I got off the bus shaking and distanced myself from it. I instinctively put the metal bus stop between me and the bus. If it blows up maybe I won’t die.
I let myself breath when it finally pulled away.
Legitimate fears? Or trauma-induced panic?
I got on the bus two stops earlier. It was crowded, but I saw an open seat in the back next to a Middle Eastern looking man. He was sitting on the outside seat with his bag on the inside seat. His hand was on the bag protectively. He was bleeding from a cut on his left temple.
“Can I sit?” I asked. “No”.
I laughed unsure how to take that unexpected answer. Who says “no”? I stared at him for two seconds to see if he was serious. He was. He kept staring straight ahead not making eye contact with me.
I wasn’t going to make a scene, so I headed towards the last seat further back, still laughing at the odd response.
“Hey! Let him sit!” an onlooker yelled. I put my hand on his shoulder, told him it’s fine, and I sat further down.
Then I realized how odd that was.
My mind started racing and my heart pumping. What’s in the bag? Why was he bleeding? Why was he so serious? Why didn’t he make eye contact?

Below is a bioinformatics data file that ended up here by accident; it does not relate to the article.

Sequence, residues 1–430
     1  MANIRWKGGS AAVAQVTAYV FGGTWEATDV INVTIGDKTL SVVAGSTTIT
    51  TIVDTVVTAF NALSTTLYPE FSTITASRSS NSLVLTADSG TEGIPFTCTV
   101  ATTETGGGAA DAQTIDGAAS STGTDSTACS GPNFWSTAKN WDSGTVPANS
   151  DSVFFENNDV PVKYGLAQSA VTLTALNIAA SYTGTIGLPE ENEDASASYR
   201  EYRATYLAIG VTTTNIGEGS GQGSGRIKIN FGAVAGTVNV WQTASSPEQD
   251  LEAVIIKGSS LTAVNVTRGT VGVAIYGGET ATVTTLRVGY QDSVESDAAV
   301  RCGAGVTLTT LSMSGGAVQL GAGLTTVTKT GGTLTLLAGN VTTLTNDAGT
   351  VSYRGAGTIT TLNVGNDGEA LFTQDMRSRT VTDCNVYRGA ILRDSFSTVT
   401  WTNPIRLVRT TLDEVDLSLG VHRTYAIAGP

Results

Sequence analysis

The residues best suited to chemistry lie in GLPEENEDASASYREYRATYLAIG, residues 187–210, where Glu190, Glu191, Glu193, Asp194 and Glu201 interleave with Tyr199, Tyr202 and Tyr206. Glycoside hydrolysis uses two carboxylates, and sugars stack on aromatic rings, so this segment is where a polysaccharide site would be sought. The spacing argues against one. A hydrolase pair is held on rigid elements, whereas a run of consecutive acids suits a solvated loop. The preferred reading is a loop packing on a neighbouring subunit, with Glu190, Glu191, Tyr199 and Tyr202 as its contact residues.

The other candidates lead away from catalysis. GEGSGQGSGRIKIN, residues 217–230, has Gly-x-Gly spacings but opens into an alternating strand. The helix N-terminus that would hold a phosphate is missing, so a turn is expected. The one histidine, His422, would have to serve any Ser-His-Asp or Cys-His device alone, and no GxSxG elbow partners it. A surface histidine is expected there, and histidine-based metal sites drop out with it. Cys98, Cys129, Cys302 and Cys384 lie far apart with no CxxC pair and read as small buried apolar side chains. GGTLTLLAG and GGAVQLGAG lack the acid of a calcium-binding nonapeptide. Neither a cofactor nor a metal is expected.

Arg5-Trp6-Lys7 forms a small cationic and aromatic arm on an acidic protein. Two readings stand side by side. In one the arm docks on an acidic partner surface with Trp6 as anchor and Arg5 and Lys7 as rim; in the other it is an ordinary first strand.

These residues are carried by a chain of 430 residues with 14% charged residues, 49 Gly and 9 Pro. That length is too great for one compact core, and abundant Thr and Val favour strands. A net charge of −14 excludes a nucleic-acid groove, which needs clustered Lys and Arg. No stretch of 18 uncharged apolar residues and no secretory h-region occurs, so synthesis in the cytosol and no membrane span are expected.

Was he going to blow up the bus?
What’s my responsibility in that situation?
If I took my fears as fact, I would immediately tell the driver, tell the armed soldier, and call the police
If I took my fears as intifada-generation trauma, should I make a scene because of that? God knows what would happen to this man if I cry wolf. Was I willing to take that responsibility because he has a bag he was unwilling to move?
Do I want to give in to the fear of Arabs so prevalent in this country?
But if I was right… If I was right, do I want to be responsible for the lives of tens of innocent people because of my fear of racism?
I don’t have answers and I’m now sitting on the next bus praying I don’t see a Haaretz notification on my phone saying I will forever live with the feeling of blood on my hands.